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Significant Scots
William Meston


MESTON, WILLIAM, an ingenious and learned poet of the eighteenth century, was born in the parish of Mid-Mar, Aberdeenshire, about the year 1688. His parents were in humble circumstances, but, by submitting to privations themselves, they contrived to give their son a liberal education. Having acquired the earlier rudiments of learning at a country school, he was sent to the Marischal college, Aberdeen, where he made such proficiency, that, on the completion of his studies, he was elected one of the doctors of the high school of New Aberdeen. In this situation he continued for some time, discharging its duties with an assiduity and talent which procured him much respect and considerable popularity as a teacher. While thus employed, his reputation and qualifications attracted the notice of the noble family of Marischal, and he was chosen to be preceptor and governor to the young earl, and his brother, the celebrated Marshal Keith. Of this trust he acquitted himself so well, that, on the occurrence of a vacancy in 1714, in the office of professor of philosophy in Marischal college, he was appointed to it through the influence of the countess Marischal. This office he also filled with great ability, and with universal approbation; but he was permitted to retain it only for a very short time. In the following year, 1715, the civil war broke out, and Meston, adhering to the political principles of his patrons, lost his professorship. To compensate this deprivation, he was made governor of Dunotter castle, by the earl Marischal; a singular enough change of profession, but sufficiently characteristic of the times.

After the battle of Sheriffmuir, Meston, with several others of his party, fled to the hills, where they skulked till the act of indemnity was passed, when they returned to their homes.

During the time of his concealment, Meston composed, for the amusement of his companions, several of those humorous poetical effusions which he has entitled Mother Grim’s Tales, and which were published in Edinburgh in 1767. Steady to his political principles, he refused, after his return, to yield obedience to the new dynasty, and thus cut himself off from every chance of being restored to his former appointment; an event which might otherwise have taken place. In these circumstances, destitute of employment, and equally destitute of the means of subsistence, he accepted an invitation from the countess Marischal to reside in her family, and availed himself of her hospitality till her death; contributing largely to the entertainment of all her guests by his wit, and by the exercise of a singularly happy vein of pleasantry which he possessed.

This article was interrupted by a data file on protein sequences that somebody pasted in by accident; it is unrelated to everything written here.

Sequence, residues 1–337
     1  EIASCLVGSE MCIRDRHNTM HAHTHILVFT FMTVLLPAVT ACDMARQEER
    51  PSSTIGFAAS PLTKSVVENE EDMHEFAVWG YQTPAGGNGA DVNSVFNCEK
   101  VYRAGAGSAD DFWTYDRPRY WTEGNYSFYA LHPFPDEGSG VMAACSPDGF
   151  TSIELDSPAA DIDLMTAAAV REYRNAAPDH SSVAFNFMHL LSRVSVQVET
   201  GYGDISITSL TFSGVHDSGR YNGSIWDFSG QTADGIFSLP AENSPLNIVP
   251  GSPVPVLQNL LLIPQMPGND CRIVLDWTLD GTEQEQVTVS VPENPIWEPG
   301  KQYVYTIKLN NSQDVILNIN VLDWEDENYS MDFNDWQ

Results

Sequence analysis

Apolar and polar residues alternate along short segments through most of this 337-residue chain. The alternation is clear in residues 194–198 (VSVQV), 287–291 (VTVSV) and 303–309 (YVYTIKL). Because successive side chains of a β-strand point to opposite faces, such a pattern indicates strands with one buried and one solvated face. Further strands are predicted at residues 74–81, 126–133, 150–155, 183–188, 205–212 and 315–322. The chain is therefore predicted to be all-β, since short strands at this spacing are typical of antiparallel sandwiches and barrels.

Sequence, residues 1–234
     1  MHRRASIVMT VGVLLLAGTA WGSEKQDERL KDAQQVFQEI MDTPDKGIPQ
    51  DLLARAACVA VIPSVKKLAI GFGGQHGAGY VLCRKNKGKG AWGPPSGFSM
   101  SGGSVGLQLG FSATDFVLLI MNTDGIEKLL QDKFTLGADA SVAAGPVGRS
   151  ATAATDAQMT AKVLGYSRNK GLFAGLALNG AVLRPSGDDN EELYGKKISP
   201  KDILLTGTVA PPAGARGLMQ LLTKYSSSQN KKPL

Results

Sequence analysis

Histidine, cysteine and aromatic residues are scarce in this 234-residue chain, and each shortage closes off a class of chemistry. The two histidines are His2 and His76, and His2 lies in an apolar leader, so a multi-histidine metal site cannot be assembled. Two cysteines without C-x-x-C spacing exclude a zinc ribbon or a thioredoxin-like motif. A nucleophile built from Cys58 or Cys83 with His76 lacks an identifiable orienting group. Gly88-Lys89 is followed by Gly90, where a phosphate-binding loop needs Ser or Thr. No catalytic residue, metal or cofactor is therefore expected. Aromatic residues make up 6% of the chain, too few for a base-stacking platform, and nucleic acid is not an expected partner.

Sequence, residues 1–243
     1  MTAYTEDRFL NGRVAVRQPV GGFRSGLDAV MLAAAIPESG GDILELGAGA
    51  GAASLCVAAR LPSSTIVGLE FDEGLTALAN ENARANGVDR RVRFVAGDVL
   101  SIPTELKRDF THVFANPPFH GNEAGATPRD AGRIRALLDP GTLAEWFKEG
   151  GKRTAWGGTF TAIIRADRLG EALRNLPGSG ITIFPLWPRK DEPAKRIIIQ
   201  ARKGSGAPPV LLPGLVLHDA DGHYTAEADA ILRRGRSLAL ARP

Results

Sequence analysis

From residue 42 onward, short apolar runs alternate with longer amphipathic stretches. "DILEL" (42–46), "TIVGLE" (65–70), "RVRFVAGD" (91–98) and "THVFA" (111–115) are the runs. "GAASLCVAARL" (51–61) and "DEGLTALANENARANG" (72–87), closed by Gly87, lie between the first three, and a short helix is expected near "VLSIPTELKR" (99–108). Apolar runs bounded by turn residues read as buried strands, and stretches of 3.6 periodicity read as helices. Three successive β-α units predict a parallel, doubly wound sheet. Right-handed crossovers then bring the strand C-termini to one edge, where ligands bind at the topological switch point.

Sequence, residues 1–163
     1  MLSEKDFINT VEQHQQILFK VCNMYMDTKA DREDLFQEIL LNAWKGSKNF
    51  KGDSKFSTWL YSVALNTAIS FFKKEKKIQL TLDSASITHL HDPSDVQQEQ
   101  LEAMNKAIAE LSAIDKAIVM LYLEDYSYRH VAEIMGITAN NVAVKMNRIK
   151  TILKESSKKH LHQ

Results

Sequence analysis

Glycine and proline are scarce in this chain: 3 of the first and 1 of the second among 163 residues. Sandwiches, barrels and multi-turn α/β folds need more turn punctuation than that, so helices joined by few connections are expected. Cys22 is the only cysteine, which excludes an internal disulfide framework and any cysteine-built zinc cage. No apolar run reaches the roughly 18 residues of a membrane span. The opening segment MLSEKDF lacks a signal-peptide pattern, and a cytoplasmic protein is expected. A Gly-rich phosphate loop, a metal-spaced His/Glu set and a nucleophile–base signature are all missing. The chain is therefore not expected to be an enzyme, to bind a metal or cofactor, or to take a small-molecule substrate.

On the death of the countess, Meston was again left destitute, and for some years continued in very straitened circumstances. At the end of this period he opened an academy at Elgin, in conjunction with his brother, Mr Samuel Meston, who was eminently skilled in the Greek language. For some years the academy throve well, and yielded its teachers a comfortable living. Meston gave instructions in all the branches of learning taught at universities, became popular as a teacher, and by his assiduity acquired the unlimited confidence of his employers. His success, however, in place of operating as an incitement to further exertion, seems to have thrown him off his guard. Always of a social disposition, he now became a thorough-paced boon companion; and betook himself with a devotion and cordiality to his book, his bottle, and his friend, which was wholly incompatible with his success as a teacher. The consequence was, that in a few years the academy fell so much away that he gave it up, and removed to Tureff, a village on the northwest limits of Aberdeenshire, to which he had been invited by the countess of Errol, who knew and appreciated his talents. From this lady Meston received, after his removal, much kindness. She allowed him the use of the family lodging in the village rent-free, and sent him many presents from time to time to better his housekeeping. The academy also succeeded well, and continued to improve during several years, until an unfortunate occurrence suddenly terminated its existence.